I have Lyft, to get somewhere when I need to get somewhere, Maps, Calendar.
None of these are apps that I can fall into and then get sucked down some bottomless vortex of stuff.
If you're not sure what counts as a bottomless vortex of stuff, it helps to filter out apps that use infinite scrolling.
Unlike pagination, where users have to click to load new content on another page, infinite scrolling continuously loads new material so there's no built-in endpoint.
Video autoplay works in a similar way.
These interfaces create a frictionless experience, but they also reduce a user's sense of control and make it harder to stop.
Research shows that people rely on visual cues more than internal cues to stop consuming something.
In a 2005 study, individuals who ate soup out of a self-refilling bowl, ate 73% more than those who ate out of a normal bowl filled up by servers.
But those who ate from the self-refilling bowl, didn't feel any more satisfied.
So, a visual cue, like an endpoint, is better at telling you the right time to stop than your own sense of satisfaction.
And because so many apps don't have an endpoint, you have to build your home screen around the eventuality of distraction.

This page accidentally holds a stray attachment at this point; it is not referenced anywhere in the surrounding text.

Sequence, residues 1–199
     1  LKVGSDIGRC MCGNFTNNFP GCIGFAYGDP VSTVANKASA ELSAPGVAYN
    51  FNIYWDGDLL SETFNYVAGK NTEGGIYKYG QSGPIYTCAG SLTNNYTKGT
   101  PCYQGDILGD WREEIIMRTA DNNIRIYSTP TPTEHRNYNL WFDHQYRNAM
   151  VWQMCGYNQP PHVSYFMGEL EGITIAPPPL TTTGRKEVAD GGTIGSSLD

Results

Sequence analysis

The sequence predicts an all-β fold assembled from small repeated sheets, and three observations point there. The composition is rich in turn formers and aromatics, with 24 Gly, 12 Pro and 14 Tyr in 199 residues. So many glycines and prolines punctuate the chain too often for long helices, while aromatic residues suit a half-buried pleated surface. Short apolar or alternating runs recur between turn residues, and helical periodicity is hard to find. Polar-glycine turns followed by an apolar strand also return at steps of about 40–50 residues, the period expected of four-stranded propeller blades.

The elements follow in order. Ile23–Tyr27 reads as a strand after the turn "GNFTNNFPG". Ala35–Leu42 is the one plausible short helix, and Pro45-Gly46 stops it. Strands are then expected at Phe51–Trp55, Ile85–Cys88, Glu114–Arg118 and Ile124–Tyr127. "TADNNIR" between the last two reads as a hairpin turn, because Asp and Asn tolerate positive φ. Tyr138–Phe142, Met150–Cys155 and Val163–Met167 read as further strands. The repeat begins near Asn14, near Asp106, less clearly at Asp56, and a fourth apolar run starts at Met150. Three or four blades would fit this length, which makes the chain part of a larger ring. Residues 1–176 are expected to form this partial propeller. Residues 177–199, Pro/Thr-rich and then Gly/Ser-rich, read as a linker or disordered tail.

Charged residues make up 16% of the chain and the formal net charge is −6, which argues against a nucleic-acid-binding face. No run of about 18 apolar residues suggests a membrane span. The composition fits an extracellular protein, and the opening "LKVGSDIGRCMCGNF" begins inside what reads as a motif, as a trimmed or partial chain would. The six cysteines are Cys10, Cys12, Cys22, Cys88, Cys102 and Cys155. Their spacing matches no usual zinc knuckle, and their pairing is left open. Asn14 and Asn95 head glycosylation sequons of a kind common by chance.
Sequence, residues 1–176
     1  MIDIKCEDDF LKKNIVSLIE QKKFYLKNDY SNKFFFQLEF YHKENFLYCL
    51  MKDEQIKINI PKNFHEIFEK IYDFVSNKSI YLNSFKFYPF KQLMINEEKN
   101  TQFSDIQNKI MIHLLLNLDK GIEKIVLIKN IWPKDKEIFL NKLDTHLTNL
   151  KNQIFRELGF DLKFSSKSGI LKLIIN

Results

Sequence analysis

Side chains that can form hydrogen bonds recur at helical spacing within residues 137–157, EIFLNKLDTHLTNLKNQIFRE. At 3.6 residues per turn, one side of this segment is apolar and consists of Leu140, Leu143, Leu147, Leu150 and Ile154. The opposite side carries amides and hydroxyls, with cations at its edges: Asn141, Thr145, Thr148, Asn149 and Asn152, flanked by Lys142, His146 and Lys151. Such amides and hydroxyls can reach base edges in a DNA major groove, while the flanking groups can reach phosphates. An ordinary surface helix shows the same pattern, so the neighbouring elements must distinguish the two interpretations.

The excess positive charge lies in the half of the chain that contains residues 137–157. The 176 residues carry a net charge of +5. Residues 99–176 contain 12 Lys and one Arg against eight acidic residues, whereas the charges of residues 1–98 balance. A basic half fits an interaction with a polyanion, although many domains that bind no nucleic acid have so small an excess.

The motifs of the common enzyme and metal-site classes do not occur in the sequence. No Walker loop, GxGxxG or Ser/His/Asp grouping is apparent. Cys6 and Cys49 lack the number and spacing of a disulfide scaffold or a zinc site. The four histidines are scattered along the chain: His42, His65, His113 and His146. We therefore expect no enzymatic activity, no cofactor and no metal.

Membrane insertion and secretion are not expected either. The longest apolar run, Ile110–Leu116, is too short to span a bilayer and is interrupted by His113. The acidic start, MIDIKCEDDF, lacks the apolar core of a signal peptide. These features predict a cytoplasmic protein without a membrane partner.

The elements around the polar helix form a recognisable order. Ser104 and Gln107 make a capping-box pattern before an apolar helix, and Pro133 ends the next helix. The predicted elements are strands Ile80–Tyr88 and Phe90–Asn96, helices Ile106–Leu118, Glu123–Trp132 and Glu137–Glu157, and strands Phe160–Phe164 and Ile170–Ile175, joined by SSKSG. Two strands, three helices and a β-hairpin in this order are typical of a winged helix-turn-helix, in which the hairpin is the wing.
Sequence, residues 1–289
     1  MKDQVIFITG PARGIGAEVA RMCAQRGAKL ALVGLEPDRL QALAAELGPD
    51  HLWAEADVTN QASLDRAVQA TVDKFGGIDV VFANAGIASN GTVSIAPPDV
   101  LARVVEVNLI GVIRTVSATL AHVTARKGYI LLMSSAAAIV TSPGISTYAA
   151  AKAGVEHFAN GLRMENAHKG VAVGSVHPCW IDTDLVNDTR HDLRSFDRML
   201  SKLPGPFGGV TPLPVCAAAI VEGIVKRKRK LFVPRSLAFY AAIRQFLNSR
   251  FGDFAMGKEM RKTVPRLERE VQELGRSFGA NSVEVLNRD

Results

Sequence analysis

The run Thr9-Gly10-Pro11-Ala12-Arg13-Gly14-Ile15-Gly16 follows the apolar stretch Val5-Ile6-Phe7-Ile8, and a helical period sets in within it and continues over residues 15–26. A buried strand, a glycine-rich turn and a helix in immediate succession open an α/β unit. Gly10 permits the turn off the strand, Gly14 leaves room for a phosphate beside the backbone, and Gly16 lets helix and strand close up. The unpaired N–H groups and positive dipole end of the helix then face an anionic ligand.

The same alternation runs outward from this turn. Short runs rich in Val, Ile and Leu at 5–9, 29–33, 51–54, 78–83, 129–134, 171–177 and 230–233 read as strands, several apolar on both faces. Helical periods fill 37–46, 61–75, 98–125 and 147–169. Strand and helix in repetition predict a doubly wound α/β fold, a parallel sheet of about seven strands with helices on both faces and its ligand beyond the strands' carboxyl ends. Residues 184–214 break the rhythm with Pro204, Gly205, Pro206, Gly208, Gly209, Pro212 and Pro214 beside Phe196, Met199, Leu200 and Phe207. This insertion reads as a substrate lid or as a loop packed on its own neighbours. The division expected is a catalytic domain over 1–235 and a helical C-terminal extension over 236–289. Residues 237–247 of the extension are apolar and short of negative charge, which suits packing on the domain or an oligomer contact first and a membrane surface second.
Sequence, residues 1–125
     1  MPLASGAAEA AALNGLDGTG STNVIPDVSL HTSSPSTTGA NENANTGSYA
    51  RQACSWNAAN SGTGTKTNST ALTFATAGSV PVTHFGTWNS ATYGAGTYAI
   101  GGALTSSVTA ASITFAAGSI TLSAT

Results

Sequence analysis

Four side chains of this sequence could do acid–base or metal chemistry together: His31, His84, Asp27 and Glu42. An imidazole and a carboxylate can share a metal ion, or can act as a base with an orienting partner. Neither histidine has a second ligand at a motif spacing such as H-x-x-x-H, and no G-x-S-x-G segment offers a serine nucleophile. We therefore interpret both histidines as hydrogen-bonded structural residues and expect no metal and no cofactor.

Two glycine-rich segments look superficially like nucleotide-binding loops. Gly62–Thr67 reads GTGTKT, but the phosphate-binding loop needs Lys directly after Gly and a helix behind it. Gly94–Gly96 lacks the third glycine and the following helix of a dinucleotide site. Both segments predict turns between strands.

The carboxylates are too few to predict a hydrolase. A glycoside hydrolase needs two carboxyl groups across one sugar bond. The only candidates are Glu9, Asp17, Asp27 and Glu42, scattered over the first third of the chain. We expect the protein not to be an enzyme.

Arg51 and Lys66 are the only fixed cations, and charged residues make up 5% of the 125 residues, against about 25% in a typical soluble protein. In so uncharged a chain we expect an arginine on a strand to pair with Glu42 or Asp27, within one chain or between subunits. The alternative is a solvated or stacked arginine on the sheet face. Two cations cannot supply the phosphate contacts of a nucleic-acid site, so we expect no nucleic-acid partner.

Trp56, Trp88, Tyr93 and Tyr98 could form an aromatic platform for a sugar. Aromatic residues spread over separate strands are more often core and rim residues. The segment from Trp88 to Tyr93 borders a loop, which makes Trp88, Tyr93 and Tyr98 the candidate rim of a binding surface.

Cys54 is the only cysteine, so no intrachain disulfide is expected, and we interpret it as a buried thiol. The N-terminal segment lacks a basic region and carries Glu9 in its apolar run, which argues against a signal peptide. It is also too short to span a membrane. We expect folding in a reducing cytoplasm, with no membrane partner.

We check our phones a lot.
Most of us drastically underestimate how often we do so.
But technology might not always look this way.
There are ideas for alternative interfaces that give you functional choices and are more transparent about how much time you'll lose with one action, versus another.
But it's a really deep philosophical question: what is genuinely worth your attention?
On an interruptive basis?
Do people even know how to answer that question?
It's a really hard question, it's not something we think about.
But, for now, it's a question that everybody needs to start asking.
Thank you so much for watching, this has been episode 1 of By Design, this is gonna be a new series looking at different topics in design, in technology, looking at how human decisions on one end of creating something affect people on the other end.